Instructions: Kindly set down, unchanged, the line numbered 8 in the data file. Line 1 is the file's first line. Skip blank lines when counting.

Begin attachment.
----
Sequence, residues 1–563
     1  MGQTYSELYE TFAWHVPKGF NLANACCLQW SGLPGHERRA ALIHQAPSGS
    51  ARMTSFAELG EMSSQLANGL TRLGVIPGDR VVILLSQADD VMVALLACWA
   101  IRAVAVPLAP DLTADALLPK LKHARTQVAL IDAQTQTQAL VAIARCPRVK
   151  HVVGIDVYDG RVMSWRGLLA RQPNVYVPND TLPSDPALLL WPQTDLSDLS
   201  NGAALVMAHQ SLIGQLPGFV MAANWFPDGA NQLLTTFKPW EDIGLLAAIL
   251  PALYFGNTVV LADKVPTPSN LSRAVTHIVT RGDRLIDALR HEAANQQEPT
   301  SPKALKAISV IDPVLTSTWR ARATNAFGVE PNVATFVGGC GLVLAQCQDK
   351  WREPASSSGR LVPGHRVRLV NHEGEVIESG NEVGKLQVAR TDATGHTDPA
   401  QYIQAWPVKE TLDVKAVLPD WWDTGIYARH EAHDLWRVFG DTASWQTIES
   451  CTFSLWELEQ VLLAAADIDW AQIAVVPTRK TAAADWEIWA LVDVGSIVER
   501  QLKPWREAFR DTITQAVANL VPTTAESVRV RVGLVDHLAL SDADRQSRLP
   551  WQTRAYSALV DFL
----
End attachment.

   301  SPKALKAISV IDPVLTSTWR ARATNAFGVE PNVATFVGGC GLVLAQCQDK